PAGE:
This second example shows how the built value in %temp is used to use the contents of %temp as the variable you wish to access. In this case, the left hand side of the dot operator is only the variable prefix (% in this case, * in the original code you were modifying), while the right hand side is the contents of the variable

If your array dimensions were not a fixed number of places, then it requires a delimiter between in order to deciper if %array111 is row 1, column 11 or row 11, column 1. Authors tend to use an underscore and set it up as %array1_11 or %array11_1, or set a fixed number of digits like: %array0111 and %array1101.

Gaderian


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PostPosted: Sun Jan 27, 2019 2:06 pm 
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Thank you. I am back working on this and am now getting somehwhere finally.


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PostPosted: Mon Jan 28, 2019 1:55 am 
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Gaderian had it almost correct. But just setting the variable to:

  1. set %value % . %amitherex


Isn't enough. The variable is set to if I'm reading what he said right, I haven't looked:

  1. set %value * . %amitherex


The variable %amitherex, is actually probly the value of the coordinate. So the variable is formed maybe something like this:

  1. *522333838


The period basically just puts the value of %amitherex up against the *. And that variable holds data. In that way, you can use the unique coordinates of x/y and z to make a variable, and store info at the variable using the unique coordinate in UO by it's xyz. And recall it easily if you go to that location. So the variable might actually be formed like this:

  1. set %value * . (#charposx , #charposy , #charposz)


And that variable would be set to the info at that coordinate. It's just a slight difference, and I'm not 100% sure that's how it is in Wiz's script, but that's how I was discussing using it. But I don't suggest you use the * variables to do that. You could just use standard variables with the % (percent) symbol, and then use Trailmyx's registry saving subs to save any number of those variables you like, with any amount of data, using the least amount of registry variables possible, because Trailmyx took care of using too many variables in the registry for you, in his subs. If neither of you have used those subs before, I suggest you check them out. You can find the newest version of them in the secondary script that comes with my looter. Lootmaster. It would be the most efficient way imho. I'd write a new one from scratch. Wiz's is nice, but it's old, and there's way better and easier ways to do it. I do it that way in my mining script. And I store literally thousands of variables easily. And you can separate it easily by #shard, by #charname, whatever you like. Using those in the variable name to make the data unique per shard, or per shard, per character even if you wanted to go that far. Honestly, you don't even need to use the #charposz coordinate. The x and the y should be unique enough. Especially if you use the facet info on the right of easyuo to separate the info by facet and shard. So you could easily have separate data for fel and tram. Using the same coordinates, but making them unique with the facet and shard info.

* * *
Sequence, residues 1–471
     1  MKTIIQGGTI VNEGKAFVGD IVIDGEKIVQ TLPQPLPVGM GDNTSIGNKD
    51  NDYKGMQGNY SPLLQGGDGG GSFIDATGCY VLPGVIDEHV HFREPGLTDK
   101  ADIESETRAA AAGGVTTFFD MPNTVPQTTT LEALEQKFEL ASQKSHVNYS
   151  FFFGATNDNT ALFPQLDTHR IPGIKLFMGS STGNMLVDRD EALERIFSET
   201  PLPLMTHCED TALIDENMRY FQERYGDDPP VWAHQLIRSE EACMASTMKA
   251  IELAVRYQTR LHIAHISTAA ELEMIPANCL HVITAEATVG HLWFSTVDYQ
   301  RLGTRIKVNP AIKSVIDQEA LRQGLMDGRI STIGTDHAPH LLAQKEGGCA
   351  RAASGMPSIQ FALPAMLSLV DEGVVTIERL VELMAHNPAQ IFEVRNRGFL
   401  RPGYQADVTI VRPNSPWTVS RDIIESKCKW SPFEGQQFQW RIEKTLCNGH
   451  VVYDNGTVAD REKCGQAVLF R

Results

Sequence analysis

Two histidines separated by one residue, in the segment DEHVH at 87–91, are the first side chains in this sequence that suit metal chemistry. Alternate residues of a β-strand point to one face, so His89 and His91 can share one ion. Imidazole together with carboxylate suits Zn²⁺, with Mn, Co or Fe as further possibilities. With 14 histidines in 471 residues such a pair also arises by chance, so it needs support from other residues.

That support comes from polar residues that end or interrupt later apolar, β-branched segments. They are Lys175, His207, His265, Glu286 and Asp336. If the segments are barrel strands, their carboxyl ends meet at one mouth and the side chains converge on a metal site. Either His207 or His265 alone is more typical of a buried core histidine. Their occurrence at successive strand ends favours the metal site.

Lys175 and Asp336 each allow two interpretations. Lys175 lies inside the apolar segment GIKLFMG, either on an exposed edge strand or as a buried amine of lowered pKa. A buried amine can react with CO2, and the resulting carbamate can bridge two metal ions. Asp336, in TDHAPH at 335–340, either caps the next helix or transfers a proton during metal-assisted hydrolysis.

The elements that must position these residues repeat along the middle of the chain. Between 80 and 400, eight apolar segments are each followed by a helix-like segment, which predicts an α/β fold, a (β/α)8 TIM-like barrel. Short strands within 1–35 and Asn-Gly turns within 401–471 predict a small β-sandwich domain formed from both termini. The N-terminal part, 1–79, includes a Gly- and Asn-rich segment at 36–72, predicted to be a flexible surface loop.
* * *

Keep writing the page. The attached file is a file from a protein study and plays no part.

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PostPosted: Mon Jan 28, 2019 12:59 pm 
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Ok, I used what both of you have said and I now have it working like I want! Just took me giving up for a night and retrying with both of yours advice. The only variables I am using in the registry is 2 for each shard, saying what the last book and rune was that I ran so that I know where I left off the rest of the variables are coming from a file I call at the beginning specific to each shard with waypoints and book id's. Its for sure not anywhere near as efficient as what you are describing Scripty but I at least am now able to run the same rails on every shard. Its funny though even though I got that working, I will be starting to write one from the ground up that is more efficient and functional. I appreciate all the help.